"The only way in which these organizations can be prevented from abusing their power is by counter-organization. All experience in this country has shown this to be so. The condition of many of the laborers has greatly improved in the last twenty years, and in not a single instance has this been brought about by individual effort. In every case it was accomplished by the force of organization. This being so, the men are right when they insist on having their organization recognized. It is vital to them, and it comes with an ill grace from those who, to a greater or less extent, hold not only the employes, but the community, by the throat by means of their own organization, to refuse to recognize organization and thereby practically deny the right to organize on the other side. And if the men can only better their condition and that of their families by means of organization, then it is but natural that they should want to keep their members together in order to secure the greatest good to the greatest number. It is but natural that they should discourage the idea of individual employes treating with the bosses just at a critical time in a labor movement, and thus perhaps defeating the efforts and injuring the welfare of all laborers, themselves included."


"But what of the men who are not members of the union?"

"It is worthy of note that if the so-called ‘scabs’ or non-union men would just keep hands off for a few days, or at most a few weeks, movement in favor of shorter hours or more pay, or in favor of and measure founded on justice, would easily succeed, and they themselves would be the gainers, even though they had done nothing to bring about. They themselves would have a better prospect for work in the future. They would gain the benefit of the shortened hours of labor. By rushing in and offering to work at a critical moment they really do what they can to defeat the movement. So while it to be regretted, yet it is but natural that laboring men should have bitter feeling against those of their class who in their eyes are the enemies of the common cause and of the best interests of their own families as well. This being so, the carpenters of Chicago are to be highly commended for their self-restraint and orderly demeanor during the pending strike."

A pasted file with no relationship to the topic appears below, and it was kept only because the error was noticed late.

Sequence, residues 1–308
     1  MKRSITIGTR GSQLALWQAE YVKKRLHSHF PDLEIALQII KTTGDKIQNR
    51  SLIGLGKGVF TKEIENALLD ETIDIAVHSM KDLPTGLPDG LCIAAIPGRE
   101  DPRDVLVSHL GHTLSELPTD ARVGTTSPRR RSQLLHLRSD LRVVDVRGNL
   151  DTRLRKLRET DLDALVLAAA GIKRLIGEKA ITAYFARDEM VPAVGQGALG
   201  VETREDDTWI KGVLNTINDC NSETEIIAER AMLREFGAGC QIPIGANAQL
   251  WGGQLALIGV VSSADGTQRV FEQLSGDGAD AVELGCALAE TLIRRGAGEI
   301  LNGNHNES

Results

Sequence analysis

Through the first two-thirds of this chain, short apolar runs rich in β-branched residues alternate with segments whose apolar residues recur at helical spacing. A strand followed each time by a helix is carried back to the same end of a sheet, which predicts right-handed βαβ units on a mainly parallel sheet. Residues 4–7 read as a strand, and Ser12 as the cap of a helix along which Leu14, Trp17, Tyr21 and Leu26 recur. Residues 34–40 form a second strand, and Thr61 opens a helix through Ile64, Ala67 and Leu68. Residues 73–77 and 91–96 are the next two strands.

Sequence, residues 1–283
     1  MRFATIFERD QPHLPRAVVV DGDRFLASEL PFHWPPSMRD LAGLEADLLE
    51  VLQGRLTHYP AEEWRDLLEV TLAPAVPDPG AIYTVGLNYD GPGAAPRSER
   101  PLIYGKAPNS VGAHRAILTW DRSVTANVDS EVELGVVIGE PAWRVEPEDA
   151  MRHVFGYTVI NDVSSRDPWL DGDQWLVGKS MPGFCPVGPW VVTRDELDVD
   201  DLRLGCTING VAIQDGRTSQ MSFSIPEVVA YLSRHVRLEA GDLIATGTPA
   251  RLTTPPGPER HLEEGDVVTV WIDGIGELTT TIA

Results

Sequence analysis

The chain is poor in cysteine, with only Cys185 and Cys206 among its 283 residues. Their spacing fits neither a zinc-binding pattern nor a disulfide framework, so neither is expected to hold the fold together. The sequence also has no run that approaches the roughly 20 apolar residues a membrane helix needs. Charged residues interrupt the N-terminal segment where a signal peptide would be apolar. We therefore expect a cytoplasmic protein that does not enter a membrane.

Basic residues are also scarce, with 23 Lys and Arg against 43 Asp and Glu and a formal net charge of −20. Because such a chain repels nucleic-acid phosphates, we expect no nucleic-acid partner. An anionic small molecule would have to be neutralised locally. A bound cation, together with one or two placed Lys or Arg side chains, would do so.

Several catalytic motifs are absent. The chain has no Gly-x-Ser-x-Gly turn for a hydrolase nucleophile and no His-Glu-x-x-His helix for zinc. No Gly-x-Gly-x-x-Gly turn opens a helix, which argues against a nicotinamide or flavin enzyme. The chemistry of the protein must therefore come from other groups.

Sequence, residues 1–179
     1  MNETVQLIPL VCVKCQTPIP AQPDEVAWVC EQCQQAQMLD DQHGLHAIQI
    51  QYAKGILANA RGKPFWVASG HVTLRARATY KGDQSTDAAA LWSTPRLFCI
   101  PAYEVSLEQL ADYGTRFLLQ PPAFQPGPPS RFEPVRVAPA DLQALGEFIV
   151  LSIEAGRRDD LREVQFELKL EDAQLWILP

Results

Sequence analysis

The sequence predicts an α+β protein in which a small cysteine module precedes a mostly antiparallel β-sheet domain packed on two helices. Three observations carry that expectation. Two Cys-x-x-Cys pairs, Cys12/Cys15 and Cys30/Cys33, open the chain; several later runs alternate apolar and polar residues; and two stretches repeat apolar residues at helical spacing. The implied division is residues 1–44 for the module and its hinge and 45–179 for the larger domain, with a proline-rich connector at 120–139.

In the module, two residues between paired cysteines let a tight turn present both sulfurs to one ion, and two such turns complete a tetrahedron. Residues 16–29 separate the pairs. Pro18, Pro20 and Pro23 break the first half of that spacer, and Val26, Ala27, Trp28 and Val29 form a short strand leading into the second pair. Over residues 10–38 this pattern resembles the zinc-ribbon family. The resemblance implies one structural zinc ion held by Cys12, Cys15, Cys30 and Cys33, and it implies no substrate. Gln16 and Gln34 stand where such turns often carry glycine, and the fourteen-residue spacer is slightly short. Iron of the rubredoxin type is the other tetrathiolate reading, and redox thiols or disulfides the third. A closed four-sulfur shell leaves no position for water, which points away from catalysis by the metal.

"What do you think of the argument in favor of individual freedom, made by some?"


"A noticeable thing is, that this argument in favor of the individual freedom of each workman is made almost exclusively by the class who, either by instinct or interest, are antagonistic to the laboring men. The great body of the laboring men will never make that argument. As isolated individuals they can accomplish nothing. The future welfare of themselves and their children depends upon organization, and even the so-called scabs do not attempt to defend their action upon any high ground. As a rule they admit that their action is injurious to the cause of labor generally. They defend their conduct only on the ground of present necessity; that they are needy and want to get a little money. In order to get it they are willing to defeat what in the long run would have been to the best interests of themselves and their families. The talk about individual freedom is heard only among employers and their friends and also among a class of people who may be called the parasites of employers."


"How, in your judgment, will the present strike of the carpenters terminate?"